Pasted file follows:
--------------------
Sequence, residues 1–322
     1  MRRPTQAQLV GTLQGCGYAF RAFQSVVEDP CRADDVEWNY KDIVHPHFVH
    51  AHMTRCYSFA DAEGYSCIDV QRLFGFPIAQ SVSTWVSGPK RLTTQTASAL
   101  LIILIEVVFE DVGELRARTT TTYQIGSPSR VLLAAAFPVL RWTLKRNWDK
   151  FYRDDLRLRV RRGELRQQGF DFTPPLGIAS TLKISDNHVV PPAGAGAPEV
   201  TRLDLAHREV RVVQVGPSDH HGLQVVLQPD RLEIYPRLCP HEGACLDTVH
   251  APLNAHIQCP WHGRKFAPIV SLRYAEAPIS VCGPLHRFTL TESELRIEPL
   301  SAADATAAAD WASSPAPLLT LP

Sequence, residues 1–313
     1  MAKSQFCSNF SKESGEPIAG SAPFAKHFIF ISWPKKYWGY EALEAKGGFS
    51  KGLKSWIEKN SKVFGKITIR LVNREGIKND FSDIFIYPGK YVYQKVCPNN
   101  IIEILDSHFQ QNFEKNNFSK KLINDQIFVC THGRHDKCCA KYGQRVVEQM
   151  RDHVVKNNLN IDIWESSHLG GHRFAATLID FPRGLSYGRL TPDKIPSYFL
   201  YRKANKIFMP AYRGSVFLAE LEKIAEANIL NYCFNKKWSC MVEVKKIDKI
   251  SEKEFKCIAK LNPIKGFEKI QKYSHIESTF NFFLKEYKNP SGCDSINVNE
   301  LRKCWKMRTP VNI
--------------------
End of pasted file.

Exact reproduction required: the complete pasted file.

Sequence, residues 1–322
     1  MRRPTQAQLV GTLQGCGYAF RAFQSVVEDP CRADDVEWNY KDIVHPHFVH
    51  AHMTRCYSFA DAEGYSCIDV QRLFGFPIAQ SVSTWVSGPK RLTTQTASAL
   101  LIILIEVVFE DVGELRARTT TTYQIGSPSR VLLAAAFPVL RWTLKRNWDK
   151  FYRDDLRLRV RRGELRQQGF DFTPPLGIAS TLKISDNHVV PPAGAGAPEV
   201  TRLDLAHREV RVVQVGPSDH HGLQVVLQPD RLEIYPRLCP HEGACLDTVH
   251  APLNAHIQCP WHGRKFAPIV SLRYAEAPIS VCGPLHRFTL TESELRIEPL
   301  SAADATAAAD WASSPAPLLT LP

Sequence, residues 1–313
     1  MAKSQFCSNF SKESGEPIAG SAPFAKHFIF ISWPKKYWGY EALEAKGGFS
    51  KGLKSWIEKN SKVFGKITIR LVNREGIKND FSDIFIYPGK YVYQKVCPNN
   101  IIEILDSHFQ QNFEKNNFSK KLINDQIFVC THGRHDKCCA KYGQRVVEQM
   151  RDHVVKNNLN IDIWESSHLG GHRFAATLID FPRGLSYGRL TPDKIPSYFL
   201  YRKANKIFMP AYRGSVFLAE LEKIAEANIL NYCFNKKWSC MVEVKKIDKI
   251  SEKEFKCIAK LNPIKGFEKI QKYSHIESTF NFFLKEYKNP SGCDSINVNE
   301  LRKCWKMRTP VNI